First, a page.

Catalogue


Venture labor : work and the burden of risk in innovative industries /
Gina Neff.
imprint
Cambridge, Mass. : MIT Press, c2012.
description
xiii, 195 p. : ill. ; 24 cm.
ISBN
0262017482 (hardcover : alk. paper), 9780262017480 (hardcover : alk. paper)
format(s)
Book
Holdings
More Details
series title
imprint
Cambridge, Mass. : MIT Press, c2012.
isbn
0262017482 (hardcover : alk. paper)
9780262017480 (hardcover : alk. paper)
catalogue key
8450954
 
Includes bibliographical references and index.
A Look Inside
Full Text Reviews
Appeared in Choice on 2012-10-01:
As the economic upheaval of the great recession demolished jobs, incomes, and security, risk increased in many areas of people's lives. This book explores the emergence of new forms of entrepreneurial labor in New York City's "Silicon Alley" during the dot-com era of the late 20th century. A key feature of venture labor was the acceptance of individualized risk as the price of participation in the economic boom. Neff (Univ. of Washington) differentiates venture labor from other forms of employment as an investment of skill and effort aimed at future rewards rather than a wage. It features short-term, project-based activities in which individuals act entrepreneurially and occurs primarily in high-technology venues. Starting in 1994, Internet development sparked a revolution in commercial transactions. In 2000, the dot-com bubble burst and brought with it the "crash of venture labor." Using a qualitative approach, Neff describes the economic and social context in which venture labor arose and flourished. She draws more general conclusions about the changing nature of work in a new era and suggests that the "privatization of risk" will intensify. The book thus offers insights for future labor markets. Summing Up: Recommended. Upper-division undergraduate students through researchers. R. L. Hogler Colorado State University
Reviews
Review Quotes
"Cutting-edge technology, personal fulfillment, maybe even wealth -- in the late 1990s, New York's Silicon Alley promised it all. By showing what became of that promise and the people who believed in it, Gina Neff simultaneously opens a new window on Manhattan at the dawn of the internet age and casts a sharp eye on the increasingly risky world in which we all work today. A fascinating and important book." --Fred Turner , Stanford University; author of From Counterculture to Cyberculture
"Gina Neff gives us a poised and invaluable analysis of how young people fashion a livelihood in a high-risk economy built on constantly shifting ground. Her profile of 'venture labor' is a particularly useful way of explaining why financial speculation drives the new patterns of precarious work." --Andrew Ross , author of No-Collar: The Humane Workplace and Its Hidden Costs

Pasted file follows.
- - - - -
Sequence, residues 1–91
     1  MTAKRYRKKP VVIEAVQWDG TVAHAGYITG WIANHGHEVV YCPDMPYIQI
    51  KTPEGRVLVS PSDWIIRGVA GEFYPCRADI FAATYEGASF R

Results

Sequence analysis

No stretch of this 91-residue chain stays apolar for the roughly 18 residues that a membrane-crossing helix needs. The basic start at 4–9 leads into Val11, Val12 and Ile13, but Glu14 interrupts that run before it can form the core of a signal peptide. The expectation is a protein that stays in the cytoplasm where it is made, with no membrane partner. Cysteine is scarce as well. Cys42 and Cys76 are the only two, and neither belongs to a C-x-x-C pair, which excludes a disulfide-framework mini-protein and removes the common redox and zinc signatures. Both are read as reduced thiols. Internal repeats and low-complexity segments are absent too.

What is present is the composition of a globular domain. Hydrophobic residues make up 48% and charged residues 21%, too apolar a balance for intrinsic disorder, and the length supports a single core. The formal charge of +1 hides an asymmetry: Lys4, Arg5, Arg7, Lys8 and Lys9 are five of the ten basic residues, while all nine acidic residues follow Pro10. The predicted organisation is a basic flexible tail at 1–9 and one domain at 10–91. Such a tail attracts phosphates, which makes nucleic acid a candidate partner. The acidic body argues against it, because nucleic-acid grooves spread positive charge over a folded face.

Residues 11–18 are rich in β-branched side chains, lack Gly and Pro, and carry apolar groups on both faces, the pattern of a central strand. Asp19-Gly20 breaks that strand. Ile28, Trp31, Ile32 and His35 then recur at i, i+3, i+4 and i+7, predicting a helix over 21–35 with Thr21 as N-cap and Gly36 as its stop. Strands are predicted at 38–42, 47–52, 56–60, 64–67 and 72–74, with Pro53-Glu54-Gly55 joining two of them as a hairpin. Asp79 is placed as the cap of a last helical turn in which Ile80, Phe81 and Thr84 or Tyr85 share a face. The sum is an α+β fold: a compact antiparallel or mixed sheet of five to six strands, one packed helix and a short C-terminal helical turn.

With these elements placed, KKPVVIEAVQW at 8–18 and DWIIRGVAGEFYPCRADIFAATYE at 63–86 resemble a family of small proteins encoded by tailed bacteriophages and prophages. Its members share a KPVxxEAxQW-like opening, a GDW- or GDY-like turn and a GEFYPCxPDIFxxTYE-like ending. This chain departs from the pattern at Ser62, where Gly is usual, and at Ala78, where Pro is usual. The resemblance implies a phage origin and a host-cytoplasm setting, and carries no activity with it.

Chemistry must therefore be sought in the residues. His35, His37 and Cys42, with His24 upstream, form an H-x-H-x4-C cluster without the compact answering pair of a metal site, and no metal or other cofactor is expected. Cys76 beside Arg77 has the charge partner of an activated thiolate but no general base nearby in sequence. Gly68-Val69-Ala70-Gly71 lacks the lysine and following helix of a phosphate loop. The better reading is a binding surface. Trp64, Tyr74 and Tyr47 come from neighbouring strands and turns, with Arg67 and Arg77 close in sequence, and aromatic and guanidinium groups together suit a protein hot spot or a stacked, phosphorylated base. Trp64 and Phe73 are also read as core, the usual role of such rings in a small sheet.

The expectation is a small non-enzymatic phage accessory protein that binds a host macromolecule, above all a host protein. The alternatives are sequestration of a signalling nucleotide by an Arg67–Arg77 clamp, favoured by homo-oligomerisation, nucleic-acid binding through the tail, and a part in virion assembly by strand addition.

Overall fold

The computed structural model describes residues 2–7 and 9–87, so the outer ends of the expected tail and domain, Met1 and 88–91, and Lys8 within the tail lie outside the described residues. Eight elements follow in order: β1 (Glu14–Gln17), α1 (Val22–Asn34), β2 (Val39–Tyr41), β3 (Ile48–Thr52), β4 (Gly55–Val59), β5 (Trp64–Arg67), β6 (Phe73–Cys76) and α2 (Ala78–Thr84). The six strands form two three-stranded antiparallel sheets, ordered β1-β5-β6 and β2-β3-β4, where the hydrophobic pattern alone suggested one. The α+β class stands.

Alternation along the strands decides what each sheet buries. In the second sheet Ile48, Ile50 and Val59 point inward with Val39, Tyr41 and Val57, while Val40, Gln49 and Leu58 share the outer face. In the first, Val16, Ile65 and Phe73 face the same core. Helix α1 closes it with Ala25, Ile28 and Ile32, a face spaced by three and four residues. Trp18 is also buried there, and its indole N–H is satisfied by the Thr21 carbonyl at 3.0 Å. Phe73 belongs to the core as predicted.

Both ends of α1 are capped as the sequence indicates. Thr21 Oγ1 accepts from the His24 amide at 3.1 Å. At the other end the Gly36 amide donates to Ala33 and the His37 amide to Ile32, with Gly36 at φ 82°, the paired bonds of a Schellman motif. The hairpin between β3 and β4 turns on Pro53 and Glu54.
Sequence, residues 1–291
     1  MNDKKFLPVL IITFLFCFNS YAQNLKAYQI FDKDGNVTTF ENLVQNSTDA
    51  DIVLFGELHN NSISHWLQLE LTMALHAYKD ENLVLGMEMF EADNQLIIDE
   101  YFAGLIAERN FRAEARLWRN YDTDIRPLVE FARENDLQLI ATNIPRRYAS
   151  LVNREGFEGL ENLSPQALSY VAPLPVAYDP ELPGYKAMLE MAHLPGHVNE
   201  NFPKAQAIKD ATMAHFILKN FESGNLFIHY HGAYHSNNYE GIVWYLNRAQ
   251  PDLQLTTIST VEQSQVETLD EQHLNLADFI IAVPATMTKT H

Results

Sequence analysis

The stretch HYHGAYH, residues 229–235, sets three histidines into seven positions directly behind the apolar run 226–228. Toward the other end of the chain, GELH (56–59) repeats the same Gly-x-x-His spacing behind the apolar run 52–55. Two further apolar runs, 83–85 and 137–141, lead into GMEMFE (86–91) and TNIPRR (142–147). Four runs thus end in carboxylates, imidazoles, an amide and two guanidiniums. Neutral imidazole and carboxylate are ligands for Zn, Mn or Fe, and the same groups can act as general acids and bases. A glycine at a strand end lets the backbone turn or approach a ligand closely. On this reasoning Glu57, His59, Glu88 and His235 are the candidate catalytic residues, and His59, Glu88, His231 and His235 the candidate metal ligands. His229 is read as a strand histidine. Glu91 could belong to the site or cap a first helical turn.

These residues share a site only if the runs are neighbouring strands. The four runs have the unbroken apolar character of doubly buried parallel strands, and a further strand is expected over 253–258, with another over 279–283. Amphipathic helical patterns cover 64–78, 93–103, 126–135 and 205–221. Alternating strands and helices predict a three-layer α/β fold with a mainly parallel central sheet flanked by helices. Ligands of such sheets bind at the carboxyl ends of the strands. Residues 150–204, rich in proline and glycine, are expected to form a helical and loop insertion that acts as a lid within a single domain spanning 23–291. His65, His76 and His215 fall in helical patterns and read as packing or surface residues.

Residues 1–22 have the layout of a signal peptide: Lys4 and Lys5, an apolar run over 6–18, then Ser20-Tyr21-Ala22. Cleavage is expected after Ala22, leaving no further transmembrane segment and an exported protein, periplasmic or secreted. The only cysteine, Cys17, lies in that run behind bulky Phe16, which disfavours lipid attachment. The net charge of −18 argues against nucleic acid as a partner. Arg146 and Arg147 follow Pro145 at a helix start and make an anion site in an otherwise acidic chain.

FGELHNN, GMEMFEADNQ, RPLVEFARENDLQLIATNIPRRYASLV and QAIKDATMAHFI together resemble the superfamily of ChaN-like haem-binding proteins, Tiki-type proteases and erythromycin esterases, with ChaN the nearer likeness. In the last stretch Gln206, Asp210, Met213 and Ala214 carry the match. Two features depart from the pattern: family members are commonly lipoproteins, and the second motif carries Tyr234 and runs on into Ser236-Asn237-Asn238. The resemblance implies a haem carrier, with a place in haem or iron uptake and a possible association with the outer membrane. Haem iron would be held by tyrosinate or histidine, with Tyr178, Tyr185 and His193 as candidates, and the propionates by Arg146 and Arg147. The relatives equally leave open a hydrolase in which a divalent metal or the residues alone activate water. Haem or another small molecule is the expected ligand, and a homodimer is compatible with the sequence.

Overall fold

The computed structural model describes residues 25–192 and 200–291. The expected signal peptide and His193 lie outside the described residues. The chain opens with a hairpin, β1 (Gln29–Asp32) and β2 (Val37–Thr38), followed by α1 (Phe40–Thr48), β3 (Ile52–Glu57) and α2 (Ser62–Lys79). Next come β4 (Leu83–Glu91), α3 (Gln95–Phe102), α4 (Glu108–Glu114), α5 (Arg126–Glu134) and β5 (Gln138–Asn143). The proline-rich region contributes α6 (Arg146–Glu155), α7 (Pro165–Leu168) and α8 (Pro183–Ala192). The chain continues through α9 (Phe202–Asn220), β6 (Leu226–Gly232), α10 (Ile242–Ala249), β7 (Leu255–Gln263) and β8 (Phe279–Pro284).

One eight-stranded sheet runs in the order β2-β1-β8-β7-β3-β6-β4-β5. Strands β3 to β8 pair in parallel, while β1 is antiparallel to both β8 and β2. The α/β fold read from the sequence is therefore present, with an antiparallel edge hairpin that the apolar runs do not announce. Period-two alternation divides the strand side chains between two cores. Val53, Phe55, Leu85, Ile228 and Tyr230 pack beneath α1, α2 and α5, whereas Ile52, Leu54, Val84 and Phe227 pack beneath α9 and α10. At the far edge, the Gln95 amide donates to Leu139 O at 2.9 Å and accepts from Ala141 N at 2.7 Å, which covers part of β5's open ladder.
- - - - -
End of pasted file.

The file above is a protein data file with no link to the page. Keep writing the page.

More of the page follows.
"In her rich fieldwork-based report from Silicon Alley, Gina Neff splendidly captures the bravado and the anguish of the late 1990s pioneers who placed risky bets on controlling their future, only to discover that they were simply preparing the way for a future that soon no longer needed many of them or their firms." --Howard E. Aldrich , Kenan Professor of Sociology & Chair, Department of Sociology, The University of North Carolina at Chapel Hill
This item was reviewed in:
Choice, October 2012
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Summaries
Bowker Data Service Summary
In the dot-com boom of the late 1990s, employees of internet startups took risks. In this work, Gina Neff investigates choices made by high-tech workers in New York City's 'Silicon Alley' in the 1990s.
Main Description
In the dot-com boom of the late 1990s, employees of Internet startups took risks--left well-paying jobs for the chance of striking it rich through stock options (only to end up unemployed a year later), relocated to areas that were epicenters of a booming industry (that shortly went bust), chose the opportunity to be creative over the stability of a set schedule. In Venture Labor , Gina Neff investigates choices like these made by high-tech workers in New York City's "Silicon Alley" in the 1990s. Why did these workers exhibit entrepreneurial behavior in their jobs--investing time, energy, and other personal resources that Neff terms "venture labor"--when they themselves were employees and not entrepreneurs? Neff argues that this behavior was part of a broader shift in society in which economic risk shifted away from collective responsibility toward individual responsibility. In the new economy, risk and reward took the place of job loyalty, and the dot-com boom helped glorify risks. Company flexibility was gained at the expense of employee security. Through extensive interviews, Neff finds not the triumph of the entrepreneurial spirit but a mixture of motivations and strategies, informed variously by bravado, naïveté, and cold calculation. She connects these individual choices with larger social and economic structures, making it clear that understanding venture labor is of paramount importance for encouraging innovation and, even more important, for creating sustainable work environments that support workers.
Table of Contents
Prefacep. ix
Acknowledgmentsp. xi
The Social Risks of the Dot-Com Erap. 1
The Origins and Rise of Venture Laborp. 39
Being Venture Labor: Strategies for Managing Riskp. 69
Why Networks Failedp. 101
The Crash of Venture Laborp. 133
Conclusion: Lessons from a New Economy for a New Medium?p. 149
Notesp. 167
Bibliographyp. 177
Indexp. 189
Table of Contents provided by Ingram. All Rights Reserved.

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